On Monday, 30th September, Technically Write IT hosted a team building day to celebrate the company’s achievements to-date and the role that the staff have played in its success through their commitment and hard work. It was also an opportunity for writers who work from home in various parts of the country and abroad to meet face-to-face and take part in team building activities.
Team Building Activities
On the morning of the team building day, the office begins to fill with excited chatter, and accents from all four corners of Ireland can be heard. One of our writers has come all the way from Cadiz in Southern Spain to join us for the day. Now that’s team spirit!
As we file into the conference room, we are each handed a name-tag with our real names as well as a character’s name for the murder mystery we’ll play later. Characters include: Sir Francis Drake, the Elizabethan navigator; Annie Moore, the first immigrant from Cobh to go through Ellis Island; Binny, the mythical giant of Currabinny Woods, and many more.
After formal introductions, we carry out a speed networking exercise. We are given two minutes to discuss a series of random topics such as, ‘How did you choose your current profession – or did it choose you?’ and the topic that causes the biggest laughs, ‘Do you have a nickname – and how did you earn it?’ We won’t embarrass anyone by giving away some of the more questionable monikers, but suffice to say, there are some hilarious stories revealed.
Presentations and Feedback Sessions
After the ice is well and truly broken by the speed networking, Patrice Fanning, our CEO, gives an update on the company history and her vision for the future. She recaps on key milestones that the company has reached to-date and the importance of expanding our client base and growing the team. She also stresses the valuable contribution that each individual on the team has made in the development of the company. In addition, she emphasises the importance of teamwork, as we continue to build on our achievements and move to the next stage of Technically Write IT’s development.
This is followed by an open feedback session where the group is invited to give their personal views and suggestions for the direction of the company. It’s a welcome chance for staff to have a real say in how the company is run.
Walk/Cycle to Crosshaven
Despite some bad weather earlier in the morning, the elements decide to co-operate as the outdoor part of the day begins. One group sets off on foot along the dedicated walkway from Carrigaline to Crosshaven. Meanwhile the second group mounts the bicycles provided by Robbie’s Bike Shop in Carrigaline. One brave pair even opted for a tandem bike! While it isn’t quite the Tour de France, fifteen tech writers negotiating their way down the cycleway is a formidable sight.
Ferry Tour of Cork Harbour
Having reached the Hugh Coveney pier in Crosshaven, we board the ferry and set sail on a tour of Cork harbour, the second largest natural harbour in the world. Various landmarks are pointed out such as Spike Island, which most recently functioned as the location for one of our state prisons. Other notable landmarks are Cobh, the last port of call for the doomed Titanic, and Haulbowline, the main base of the Irish Naval Service.
Meanwhile, the murder mystery jolts into action when the death of one of the characters, Mrs O’Connor, is announced. We each receive some further information about our individual characters and proceed to question each other carefully to try to establish both a motive and a villain. Some participants take the news of the murder very seriously, accusing several co-workers of the dastardly deed. Luckily, the provision of hot drinks and biscuits on board has us soon chatting amicably again.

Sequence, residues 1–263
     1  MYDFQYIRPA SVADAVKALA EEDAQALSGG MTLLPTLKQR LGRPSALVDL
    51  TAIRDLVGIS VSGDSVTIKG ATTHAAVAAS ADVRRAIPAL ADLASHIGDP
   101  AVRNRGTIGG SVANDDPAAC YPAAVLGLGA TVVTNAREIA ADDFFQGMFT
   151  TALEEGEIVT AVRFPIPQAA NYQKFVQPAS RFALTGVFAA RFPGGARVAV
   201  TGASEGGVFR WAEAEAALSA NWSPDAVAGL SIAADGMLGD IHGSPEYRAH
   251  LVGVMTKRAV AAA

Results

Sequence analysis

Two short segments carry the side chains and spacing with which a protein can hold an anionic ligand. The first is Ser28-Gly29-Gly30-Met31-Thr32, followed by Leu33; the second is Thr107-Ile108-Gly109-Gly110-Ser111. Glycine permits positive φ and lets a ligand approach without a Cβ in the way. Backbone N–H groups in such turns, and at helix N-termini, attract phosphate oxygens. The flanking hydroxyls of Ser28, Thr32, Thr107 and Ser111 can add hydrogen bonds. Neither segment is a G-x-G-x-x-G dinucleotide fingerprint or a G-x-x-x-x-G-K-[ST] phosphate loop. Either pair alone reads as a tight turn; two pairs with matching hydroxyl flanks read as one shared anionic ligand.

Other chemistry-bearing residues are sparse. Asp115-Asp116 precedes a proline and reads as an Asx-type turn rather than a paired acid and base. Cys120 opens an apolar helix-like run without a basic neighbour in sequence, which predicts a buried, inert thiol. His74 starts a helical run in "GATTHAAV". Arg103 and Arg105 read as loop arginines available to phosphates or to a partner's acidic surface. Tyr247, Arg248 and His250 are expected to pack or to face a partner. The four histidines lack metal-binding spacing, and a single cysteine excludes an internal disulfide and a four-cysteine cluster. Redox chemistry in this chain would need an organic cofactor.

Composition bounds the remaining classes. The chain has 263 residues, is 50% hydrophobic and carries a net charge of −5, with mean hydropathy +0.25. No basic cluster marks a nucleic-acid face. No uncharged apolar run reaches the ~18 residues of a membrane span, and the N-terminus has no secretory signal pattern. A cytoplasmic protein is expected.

Guided Tour of Fort Camden
Jack Hickey, our bus driver for the day, is waiting back at the pier. He brings us to Fort Camden Meagher, for a guided tour of the facility, which is in the process of being restored. The fort is dramatically situated on a promontory at the entrance to Cork Harbour and is recognised as being one of the finest remaining examples of a classical coastal artillery fort in the world. Our knowledgeable tour guide, Anita, gives us a fascinating glimpse into the lives of the men and women who lived and worked there. We even get to visit the magazine where the artillery and munitions were once stored. It is probably just as well that the weapons have long gone, as there is a murderer lurking among us!
Tired and hungry, we arrive at the celebrated Cronin’s bar and restaurant in Crosshaven village square. Many of us opt for hot whiskeys to warm up while we wait for dinner to be served – and to wash down the delicious starters.
While waiting for the mains, Joleen Cronin, who was the official photographer and one of the organisers of the day, announces that only one person has correctly guessed the ‘murderer’. We all look at each other, wondering who could possibly be the Sherlock Holmes amongst us. But we’re swiftly distracted by the arrival of fish pies and hearty Irish stews.
Patrice hands out several awards during the meal; the Best Acting Performance prize is won by Tomás McCarthy and the Dying Victim prize is won by Ann Devine. And the ultimate victor? It’s Gabriela O’Mahony, who has guessed correctly that the victim’s husband was the villain of the day.
For those who don’t want the day to end just yet, we have ‘one for the road’, where discussions about the positioning of commas and quotation marks ensue. Such conversations are one of the pitfalls of working with 24 technical writers! Finally, we take our leave, hoping that all team building days at Technically Write IT will be as enjoyable as this one.